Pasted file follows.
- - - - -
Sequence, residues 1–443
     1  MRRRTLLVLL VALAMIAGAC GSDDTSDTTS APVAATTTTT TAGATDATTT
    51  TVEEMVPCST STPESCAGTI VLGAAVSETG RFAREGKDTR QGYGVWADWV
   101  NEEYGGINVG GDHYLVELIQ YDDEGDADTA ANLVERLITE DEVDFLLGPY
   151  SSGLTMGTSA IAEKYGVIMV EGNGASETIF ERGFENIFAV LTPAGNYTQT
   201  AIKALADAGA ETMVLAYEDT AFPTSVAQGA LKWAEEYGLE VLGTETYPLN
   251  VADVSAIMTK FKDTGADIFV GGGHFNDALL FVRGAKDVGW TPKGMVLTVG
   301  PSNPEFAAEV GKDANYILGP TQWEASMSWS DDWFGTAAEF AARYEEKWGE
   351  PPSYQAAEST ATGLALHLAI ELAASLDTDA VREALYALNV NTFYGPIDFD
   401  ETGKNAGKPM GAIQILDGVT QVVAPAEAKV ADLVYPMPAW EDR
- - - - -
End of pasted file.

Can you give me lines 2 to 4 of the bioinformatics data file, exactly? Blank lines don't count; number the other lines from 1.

     1  MRRRTLLVLL VALAMIAGAC GSDDTSDTTS APVAATTTTT TAGATDATTT
    51  TVEEMVPCST STPESCAGTI VLGAAVSETG RFAREGKDTR QGYGVWADWV
   101  NEEYGGINVG GDHYLVELIQ YDDEGDADTA ANLVERLITE DEVDFLLGPY